Jennifer Pallanich Hull
Gulf of Mexico Editor
Balmoral Group took its observations about buoyancy needs, added what it found lacking in broken modules that entered its repair yard, and molded these findings into the UltraFloat and, later, RetroFloat buoyancy systems.
Buoyancy providers found various issues cropped up as fields went deeper. The increasing operating depth is what led Balmoral to create the UltraFloat drilling riser buoyancy system. Balmoral worked up the concept for UltraFloat to strengthen buoyancy units while reducing the weight associated with longer riser strings in response to drilling contractor requests to improve buoyancy module safety levels.
"Traditional buoyancy has been made the same way for probably 20 years," said Gary Brown, president of Balmoral Group in Houston. The traditional style of buoyancy is well suited to calm, shallow conditions, not for places like the Gulf of Mexico or off Brazil, where units have not only deeper water but also loop and eddy currents to contend with. "We saw a large proportion of buoyancy units being damaged," he said.
How it works
Brown calls UltraFloat the next generation of buoyancy and says it is tougher than previous systems and stands up better to harsh operating conditions.
The damage-resistant nature of UltraFloat can mean overall reduced lifecycle costs for the units in addition to the increased safety aspect of the design.
UltraFloat's buoyancy comes from a mix of syntactic foam, epoxy resin, hollow glass microspheres, and fiber-reinforced plastic minispheres.
Harsh operating conditions call for abrasion protection to reduce the effect of contact between the dressed riser string and the rig steelwork, Balmoral says. UltraFloat's layer of epoxy composite protects the syntactic foam from this damage. The units must also provide stiffness and flexural performance. The system's composite reinforcement system was designed to enhance module stiffness while increasing flexure tolerance, according to the company. In some cases, extreme impacts or riser flexures will crack or fracture a buoyancy module. These breaks pose a safety hazard to personnel and could damage equipment if module sections become detached during running or pulling of the string. Balmoral said it added UltraFloat's internal reinforcement system to increase the cracking and fracture resistance of the piece in addition to providing residual structural integrity of the piece should it break.
Balmoral unveiled UltraFloat last year, and the buoyancy product has drawn support from Transocean and GlobalSantaFe. GSF already has strings for its Development Driller I and Development Driller II and recently ordered a third string as a backup for these two semis, formerly Rig 184 and Rig 185. When complete, the modules will head to Kværner's yard in Louisiana for dressing before meeting the rig for sea trials.
Because of the amount of time associated with the steel phase of constructing the buoyancy and riser string, it takes 30 to 40 weeks to create a full string.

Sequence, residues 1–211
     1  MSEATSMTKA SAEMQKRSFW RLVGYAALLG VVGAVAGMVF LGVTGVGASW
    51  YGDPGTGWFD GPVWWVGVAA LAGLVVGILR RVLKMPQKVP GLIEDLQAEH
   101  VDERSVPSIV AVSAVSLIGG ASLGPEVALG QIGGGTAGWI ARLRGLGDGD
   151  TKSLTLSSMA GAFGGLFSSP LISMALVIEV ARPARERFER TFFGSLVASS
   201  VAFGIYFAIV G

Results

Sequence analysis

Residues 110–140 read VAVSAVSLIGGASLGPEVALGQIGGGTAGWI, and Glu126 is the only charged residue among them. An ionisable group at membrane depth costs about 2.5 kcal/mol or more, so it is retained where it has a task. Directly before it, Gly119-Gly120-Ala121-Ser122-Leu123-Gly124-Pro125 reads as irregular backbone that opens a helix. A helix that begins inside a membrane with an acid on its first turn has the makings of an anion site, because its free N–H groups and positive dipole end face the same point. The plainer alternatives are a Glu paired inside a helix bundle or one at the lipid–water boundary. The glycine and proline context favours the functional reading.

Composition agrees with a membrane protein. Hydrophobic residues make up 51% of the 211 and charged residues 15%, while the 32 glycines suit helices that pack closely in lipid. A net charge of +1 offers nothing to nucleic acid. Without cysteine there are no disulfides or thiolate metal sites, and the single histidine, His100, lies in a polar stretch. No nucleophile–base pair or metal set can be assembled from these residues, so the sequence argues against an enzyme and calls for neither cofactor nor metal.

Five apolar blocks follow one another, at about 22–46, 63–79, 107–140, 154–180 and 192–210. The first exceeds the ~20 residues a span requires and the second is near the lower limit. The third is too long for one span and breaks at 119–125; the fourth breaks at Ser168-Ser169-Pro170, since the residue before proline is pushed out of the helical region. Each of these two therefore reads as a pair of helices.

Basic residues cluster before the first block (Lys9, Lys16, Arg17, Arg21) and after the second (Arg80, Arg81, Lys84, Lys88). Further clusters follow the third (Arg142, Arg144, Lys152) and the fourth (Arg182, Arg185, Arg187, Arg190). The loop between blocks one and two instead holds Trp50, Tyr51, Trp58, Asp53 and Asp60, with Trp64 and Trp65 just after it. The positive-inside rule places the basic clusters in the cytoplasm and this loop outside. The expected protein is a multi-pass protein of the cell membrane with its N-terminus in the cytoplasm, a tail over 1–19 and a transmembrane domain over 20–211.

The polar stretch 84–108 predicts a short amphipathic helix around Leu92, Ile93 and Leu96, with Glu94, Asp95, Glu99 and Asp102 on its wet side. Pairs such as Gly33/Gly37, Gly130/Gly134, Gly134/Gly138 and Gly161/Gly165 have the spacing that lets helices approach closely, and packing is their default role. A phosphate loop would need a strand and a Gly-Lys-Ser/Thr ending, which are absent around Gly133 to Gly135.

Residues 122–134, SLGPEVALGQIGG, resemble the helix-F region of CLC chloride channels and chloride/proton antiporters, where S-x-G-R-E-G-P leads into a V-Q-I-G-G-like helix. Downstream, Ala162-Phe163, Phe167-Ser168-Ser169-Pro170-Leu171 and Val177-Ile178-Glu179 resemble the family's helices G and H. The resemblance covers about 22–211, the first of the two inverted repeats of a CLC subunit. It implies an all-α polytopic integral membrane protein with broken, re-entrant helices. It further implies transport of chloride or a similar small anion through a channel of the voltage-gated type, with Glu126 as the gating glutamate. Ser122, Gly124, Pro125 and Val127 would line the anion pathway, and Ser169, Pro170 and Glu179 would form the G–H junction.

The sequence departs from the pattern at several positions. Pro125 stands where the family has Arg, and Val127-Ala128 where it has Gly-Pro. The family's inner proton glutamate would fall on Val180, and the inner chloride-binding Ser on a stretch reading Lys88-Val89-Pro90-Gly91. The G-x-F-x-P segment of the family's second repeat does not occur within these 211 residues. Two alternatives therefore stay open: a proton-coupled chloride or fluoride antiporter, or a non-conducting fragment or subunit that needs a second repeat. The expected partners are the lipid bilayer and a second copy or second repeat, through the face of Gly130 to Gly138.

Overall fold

Once the buoyancy units are complete, 5-10% of the pieces take a 24-hour quality assurance dunking in the Hydrospace Test Center at Balmoral's Houston facility. The facility, which conduced its first trial in November 1999, can test three modules at a time and can accommodate a 21-ft piece. The test simulates the target water depth at a designated pressure for 24 hours. Balmoral then checks the buoyancy lost, seeking less than a 3% loss per unit.
Assessing breaking points
Balmoral recently identified an upturn in the drilling riser module repair business. Modules that had been subjected to the deepwater rigors of GoM and South Atlantic currents were coming onshore in increasing numbers for repair. So, the company established dedicated repair facilities in Houston and Macaé, Brazil. The repair business, originally not expected to be a focus for the company, has developed over the last couple of years, Brown said.
While examining cracked or fractured modules, Balmoral was able to ascertain the weaker spots of buoyancy modules and find ways to offset the weakness in those spots, such as integrating notched clamping areas.
The data gleaned from the repair shop gets fed into the company's in-house development and testing cycle. The information also found itself incorporated into the development of RetroFloat, Balmoral's retrofit system.
If an UltraFloat module breaks, the unit contains a retention system that holds it together so pieces of the buoyancy system do not fall off. Balmoral devised and patented a way to retrofit UltraFloat's integral retention features to existing modules, Brown said, after Transocean approached the company seeking to add safety retention to existing buoyancy modules.
Transocean was not open to replacing all the units on all of the company's drillships, so the company asked Balmoral to come up with a way to upgrade Transocean's existing buoyancy pieces. Balmoral answered with RetroFloat.
"You can't tell it from a new one," Brown said about the effectiveness of the approach. "It took a lot of development to get there."
In RetroFloat, the retention system is fitted to contain the frequent types of breaks. Developing RetroFloat required finding the balance between retaining buoyancy performance while adding the safety factor. Developing RetroFloat required finding the balance between still providing buoyancy and adding the safety factor. Balmoral opted not to add steel to the units because "it's pretty tough but it doesn't float and it doesn't like salt water," Brown said. Instead, Balmoral uses polymers to accomplish the task.
Balmoral sees its future paralleling the industry's descent into deepwater. The company is studying ongoing seismic programs to evaluate whether it needs to work up buoyancy solutions for 10,000-12,000-ft water depth, Brown said.